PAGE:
OTTAWA — Prime Minister Justin Trudeau canceled plans to appear in person at a liberal fundraising drive in British Columbia on Tuesday after RCMP warned that an aggressive protest outside the event could escalate if he arrived, a source close to the decision said.
The source spoke to The Canadian Press on condition of anonymity as they were not authorized to discuss the situation publicly.
Trudeau spoke about the issue on Wednesday during a stop in Saskatoon, which was also attended by protesters who were verbally aggressive with the Prime Minister’s RCMP protective details and initially blocked his exit from a local senior center.
The Prime Minister did not explain why he chose to speak virtually to the fundraiser in Surrey, BC, but expressed disgust at the “harassment, racial insults (and) threats of violence” aimed at the mostly South Asian attendees. when they arrived.
Witnesses at the protest reported hearing those in attendance being harassed for wearing turbans, among other racially motivated insults. A protester can be seen in a photo with a noose hanging from two flat sticks, imprinted with the words ‘treason’ and ‘Trudeau’.
“The safety of Canadians who choose to make their voices heard in politics should never be in question, as we were last night and as we are increasingly seeing across the country,” Trudeau said.
“The fundamental freedoms we have as a country that we enjoy as Canadians must be defended, must be protected. No one should feel threatened or harassed for their support of any political party. And I think we should all be vigilant about that.”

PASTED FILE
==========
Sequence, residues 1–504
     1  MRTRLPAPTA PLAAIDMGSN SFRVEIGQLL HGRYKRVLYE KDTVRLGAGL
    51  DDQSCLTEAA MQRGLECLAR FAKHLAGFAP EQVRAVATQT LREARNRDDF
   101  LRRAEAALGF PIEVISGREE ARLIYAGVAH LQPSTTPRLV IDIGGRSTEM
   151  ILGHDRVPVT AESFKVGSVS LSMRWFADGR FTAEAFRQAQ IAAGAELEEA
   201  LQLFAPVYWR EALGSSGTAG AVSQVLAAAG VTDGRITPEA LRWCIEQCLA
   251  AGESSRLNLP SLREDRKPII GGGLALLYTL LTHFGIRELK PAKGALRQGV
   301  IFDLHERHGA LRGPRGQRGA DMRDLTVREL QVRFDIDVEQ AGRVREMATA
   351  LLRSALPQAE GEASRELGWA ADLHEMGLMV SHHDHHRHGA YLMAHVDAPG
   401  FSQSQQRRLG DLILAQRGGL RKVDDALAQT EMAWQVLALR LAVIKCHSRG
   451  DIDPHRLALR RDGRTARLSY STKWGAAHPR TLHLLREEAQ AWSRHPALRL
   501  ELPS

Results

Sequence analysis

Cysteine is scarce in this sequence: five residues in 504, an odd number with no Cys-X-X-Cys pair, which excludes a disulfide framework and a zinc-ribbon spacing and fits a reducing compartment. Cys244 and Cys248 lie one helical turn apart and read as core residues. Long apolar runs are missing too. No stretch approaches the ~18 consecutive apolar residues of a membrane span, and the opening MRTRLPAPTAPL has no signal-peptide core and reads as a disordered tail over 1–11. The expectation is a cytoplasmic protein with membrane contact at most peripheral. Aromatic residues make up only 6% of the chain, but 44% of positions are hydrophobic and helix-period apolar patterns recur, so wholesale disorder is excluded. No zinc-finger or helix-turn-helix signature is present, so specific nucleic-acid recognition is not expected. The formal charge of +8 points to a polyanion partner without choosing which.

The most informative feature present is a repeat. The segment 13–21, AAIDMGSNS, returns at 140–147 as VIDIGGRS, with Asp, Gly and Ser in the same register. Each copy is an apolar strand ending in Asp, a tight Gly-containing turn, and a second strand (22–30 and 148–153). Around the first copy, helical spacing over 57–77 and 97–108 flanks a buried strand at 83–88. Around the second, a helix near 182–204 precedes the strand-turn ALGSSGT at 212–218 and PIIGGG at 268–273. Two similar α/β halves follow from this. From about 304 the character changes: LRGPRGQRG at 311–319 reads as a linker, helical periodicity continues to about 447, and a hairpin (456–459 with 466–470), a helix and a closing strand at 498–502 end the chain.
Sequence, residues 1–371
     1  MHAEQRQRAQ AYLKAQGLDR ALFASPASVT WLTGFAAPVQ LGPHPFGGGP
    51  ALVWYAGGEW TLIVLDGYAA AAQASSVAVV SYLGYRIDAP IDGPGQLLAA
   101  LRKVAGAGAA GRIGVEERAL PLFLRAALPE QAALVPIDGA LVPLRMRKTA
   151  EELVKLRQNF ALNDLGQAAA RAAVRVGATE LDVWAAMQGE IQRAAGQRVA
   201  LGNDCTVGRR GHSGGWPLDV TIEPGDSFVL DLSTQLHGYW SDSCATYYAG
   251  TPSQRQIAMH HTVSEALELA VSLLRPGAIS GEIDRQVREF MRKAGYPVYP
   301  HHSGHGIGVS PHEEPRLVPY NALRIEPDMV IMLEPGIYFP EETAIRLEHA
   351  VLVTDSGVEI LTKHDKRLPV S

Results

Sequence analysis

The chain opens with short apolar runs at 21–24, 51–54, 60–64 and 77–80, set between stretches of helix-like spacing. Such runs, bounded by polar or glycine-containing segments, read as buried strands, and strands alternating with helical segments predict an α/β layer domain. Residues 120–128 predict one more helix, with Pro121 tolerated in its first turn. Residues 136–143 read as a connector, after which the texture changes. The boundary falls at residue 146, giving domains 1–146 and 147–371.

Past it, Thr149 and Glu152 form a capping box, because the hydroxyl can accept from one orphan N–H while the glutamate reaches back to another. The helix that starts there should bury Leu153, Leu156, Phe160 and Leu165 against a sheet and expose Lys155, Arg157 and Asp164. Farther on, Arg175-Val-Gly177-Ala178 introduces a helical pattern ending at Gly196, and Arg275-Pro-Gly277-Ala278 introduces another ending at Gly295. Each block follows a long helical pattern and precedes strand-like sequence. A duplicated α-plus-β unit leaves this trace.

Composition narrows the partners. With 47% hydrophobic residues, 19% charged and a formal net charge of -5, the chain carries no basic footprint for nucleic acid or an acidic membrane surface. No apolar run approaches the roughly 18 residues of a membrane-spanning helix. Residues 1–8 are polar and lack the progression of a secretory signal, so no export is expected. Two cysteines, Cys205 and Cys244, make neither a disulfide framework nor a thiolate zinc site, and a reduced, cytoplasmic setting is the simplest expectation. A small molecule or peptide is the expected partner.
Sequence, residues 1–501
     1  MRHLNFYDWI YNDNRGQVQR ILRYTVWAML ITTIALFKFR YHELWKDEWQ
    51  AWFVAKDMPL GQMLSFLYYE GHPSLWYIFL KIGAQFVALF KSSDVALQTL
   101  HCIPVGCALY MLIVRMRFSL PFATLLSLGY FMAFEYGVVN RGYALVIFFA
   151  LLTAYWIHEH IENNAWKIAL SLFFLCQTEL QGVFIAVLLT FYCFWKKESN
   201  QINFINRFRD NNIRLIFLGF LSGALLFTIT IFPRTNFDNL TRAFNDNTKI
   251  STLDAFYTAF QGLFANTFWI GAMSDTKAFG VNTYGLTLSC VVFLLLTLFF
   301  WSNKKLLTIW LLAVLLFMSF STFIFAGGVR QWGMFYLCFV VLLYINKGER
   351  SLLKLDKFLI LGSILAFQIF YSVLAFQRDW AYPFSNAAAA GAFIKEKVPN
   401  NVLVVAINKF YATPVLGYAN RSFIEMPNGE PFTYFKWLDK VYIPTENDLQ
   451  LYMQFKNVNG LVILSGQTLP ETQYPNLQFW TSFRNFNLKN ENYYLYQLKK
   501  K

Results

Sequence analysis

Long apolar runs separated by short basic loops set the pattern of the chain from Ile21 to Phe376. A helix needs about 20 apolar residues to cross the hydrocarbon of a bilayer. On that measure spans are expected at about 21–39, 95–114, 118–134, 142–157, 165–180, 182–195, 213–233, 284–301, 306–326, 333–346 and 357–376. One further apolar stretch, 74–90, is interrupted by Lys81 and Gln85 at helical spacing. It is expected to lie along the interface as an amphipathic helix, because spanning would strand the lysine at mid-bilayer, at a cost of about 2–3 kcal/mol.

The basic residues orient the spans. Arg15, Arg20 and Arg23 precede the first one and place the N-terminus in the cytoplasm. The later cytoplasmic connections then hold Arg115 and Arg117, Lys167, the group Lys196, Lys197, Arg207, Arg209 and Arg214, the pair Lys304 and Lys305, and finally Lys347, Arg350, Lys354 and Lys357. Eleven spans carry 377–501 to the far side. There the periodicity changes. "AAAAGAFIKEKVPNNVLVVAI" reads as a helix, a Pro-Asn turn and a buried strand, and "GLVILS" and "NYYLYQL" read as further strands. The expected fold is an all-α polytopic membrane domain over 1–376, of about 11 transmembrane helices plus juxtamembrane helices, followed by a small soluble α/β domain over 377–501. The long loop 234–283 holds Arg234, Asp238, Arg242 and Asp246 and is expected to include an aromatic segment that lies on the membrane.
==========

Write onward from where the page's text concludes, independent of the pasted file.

He said all levels of government are currently addressing the issue.
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This is the second time in 10 months that aggressive protesters have prompted police to advise Trudeau to change his plan to speak at an event. A campaign rally in Bolton, Ontario, was completely canceled last August when dozens of angry protesters chanted obscenities against the prime minister who had lined up at the site.
He was followed by angry protesters for much of that campaign, which has led to some noticeable changes in the way his office handles his schedule. For example, specific event locations are no longer included in his published daily itineraries.
During the early days of the convoy protest in Ottawa in January and February, Trudeau and his family were evacuated from their home in the city for several days.
Other leaders, including NDP leader Jagmeet Singh and Bloc Québécois leader Yves-Francois Blanchet, have indicated they were given RCMP protection during the convoy while in Ottawa.
A request for access to information released by the Privy Council Office shows that 26 threats were registered against Trudeau and eight of his ministers between February 5 and March 23. Trudeau and Deputy Prime Minister Chrystia Freeland were each the subject of nine threats during that period.
The nature of the threats or actions to be investigated are not included in the release.
RCMP in BC said in a statement about Tuesday’s event that the protest group started out small but grew in number and was joined by cars, larger trucks and vehicles with trailers “driving in a convoy-like loop across the roadway”.
“Due to the size and composition of the protest group and for the safety of all those in attendance, it was decided that it was not safe for the Prime Minister to attend the venue,” the RCMP statement said.
The government source who spoke to The Canadian Press said the fear was that Trudeau’s presence would amplify the crowd and endanger everyone.
The Prime Minister’s Office and RCMP have jointly made the decision to cancel Trudeau’s personal appearance, the source said.
Trudeau is not alone in being followed by more aggressive protesters. In Peterborough, Ontario, Singh was chased to his car outside a provincial NDP campaign office two weeks ago.
On Wednesday, Attorney General David Lametti temporarily left a press conference outside his office when he was confronted by an anti-Israel protester who screamed in his face. Lametti returned as the protester left.
This report from The Canadian Press was first published on May 25, 2022.
— With files from Camille Bains in Vancouver and Mickey Djuric in Saskatoon